The Senate health committee kicked off the first of three committee meetings on its biomedical innovation agenda by passing seven bills with bipartisan support. The next meeting is scheduled for March 9, where the committee will debate and vote on at least five bipartisan bills.
The Improving Health Information Technology Act (S. 2511) has the most impact on health IT professionals and establishes several health IT provisions including:
- Reduces documentation burdens by convening public and private stakeholders to develop goals, a strategy and recommendations to minimize the documentation burden on providers while maintaining quality.
- Allows and encourages health professionals to practice at the top of their license, allowing non-physician members of the care team to document on behalf of physicians.
- Encourages the certification of health IT for specialty providers and sites of service, like pediatric care, where more specialized technology is needed.
- Transparent Ratings on Usability and Security to Transform Information Technology (TRUST IT) establishes an unbiased rating system for health IT products.
- Gives the Department of Health and Human Services (HHS) Office of the Inspector General the authority to investigate and establish deterrents to information blocking practices that interfere with appropriate sharing of electronic health information
- Convenes existing data sharing networks to develop a voluntary model framework and common agreement for the secure exchange of health information across existing networks to help foster bridging between networks.
- Requires that HHS give deference to standards developed in the private sector.
- Leveraging Health Information Technology to Improve Patient Care that requires that certified HIT exchange data with registries if registries are certified to use standards endorsed by the Office of the National Coordinator for Health IT.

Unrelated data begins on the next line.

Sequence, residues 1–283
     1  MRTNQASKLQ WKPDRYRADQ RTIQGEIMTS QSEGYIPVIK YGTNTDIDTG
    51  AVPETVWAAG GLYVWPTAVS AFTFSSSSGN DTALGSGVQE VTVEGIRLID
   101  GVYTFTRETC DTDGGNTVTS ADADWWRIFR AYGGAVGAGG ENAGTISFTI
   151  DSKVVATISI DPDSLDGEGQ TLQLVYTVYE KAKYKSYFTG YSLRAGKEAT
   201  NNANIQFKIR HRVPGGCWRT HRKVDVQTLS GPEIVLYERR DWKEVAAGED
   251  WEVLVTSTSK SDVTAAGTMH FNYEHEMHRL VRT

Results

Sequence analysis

- Includes vendors in Patient Safety Organizations to allow for improvements in the safety and effectiveness of HIT.
- Empowering Patients and Improving Patient Access to Their Electronic Health Information, which supports the certification and development of patient-centered health record technology so that patients can access their health information through secure and user-friendly software that may update automatically.
- Encourages the use of health information exchanges to promote patient access by educating providers and clarifying misunderstandings.
- GAO Study on Patient Matching which directs the Governmental Accountability Office to conduct a study to review methods for securely matching patient records to the correct patient
The following bills also were passed by the committee with bipartisan support:
The Advancing Targeted Therapies for Rare Diseases Act of 2015 (S. 2030): Advance therapies to patients with serious or life-threatening rare genetic diseases by allowing innovators to rely on their own data used for a previously approved targeted therapies to develop subsequent targeted therapies.
The FDA Device Accountability Act of 2015 (S. 1622): Ensure Americans benefit from new medical devices more quickly by reducing unnecessary burdens in device evaluations and streamlining the review process for clinical trials. Additionally, this legislation modernizes the regulation of diagnostic tests to create a path for rapid diagnostics.
The Next Generation Researchers Act (S. 2014): Help attract talented young scientists to the National Institutes of Health.
The Enhancing the Stature and Visibility of Medical Rehabilitation Research at NIH Act (S. 800): Update rehabilitation research for the first time in more than 20 years and require the National Center for Medical Rehabilitation Research to develop and periodically update a comprehensive research plan for rehabilitation research and report to Congress on an annual basis regarding benchmarks in that plan.
The Advancing Research for Neurological Diseases Act of 2015 (S. 849): Advance understanding of neurological diseases and help researchers access data on these diseases in order to discover new therapies and cures.
The Preventing Superbugs and Protecting Patients Act (S. 2503): Further encourage and clarify that the FDA requires cleaning and validation data for reusable medical devices and to direct the FDA to clarity when device changes require regulatory clearance.